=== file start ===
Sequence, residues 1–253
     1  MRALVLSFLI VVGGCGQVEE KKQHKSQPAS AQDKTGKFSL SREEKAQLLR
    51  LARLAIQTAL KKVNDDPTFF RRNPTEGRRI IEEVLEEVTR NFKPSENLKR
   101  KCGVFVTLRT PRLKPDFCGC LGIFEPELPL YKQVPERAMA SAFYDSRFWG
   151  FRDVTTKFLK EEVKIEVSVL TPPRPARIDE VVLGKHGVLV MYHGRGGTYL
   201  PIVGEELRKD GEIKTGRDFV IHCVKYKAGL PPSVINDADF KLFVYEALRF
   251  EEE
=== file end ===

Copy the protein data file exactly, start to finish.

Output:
Sequence, residues 1–253
     1  MRALVLSFLI VVGGCGQVEE KKQHKSQPAS AQDKTGKFSL SREEKAQLLR
    51  LARLAIQTAL KKVNDDPTFF RRNPTEGRRI IEEVLEEVTR NFKPSENLKR
   101  KCGVFVTLRT PRLKPDFCGC LGIFEPELPL YKQVPERAMA SAFYDSRFWG
   151  FRDVTTKFLK EEVKIEVSVL TPPRPARIDE VVLGKHGVLV MYHGRGGTYL
   201  PIVGEELRKD GEIKTGRDFV IHCVKYKAGL PPSVINDADF KLFVYEALRF
   251  EEE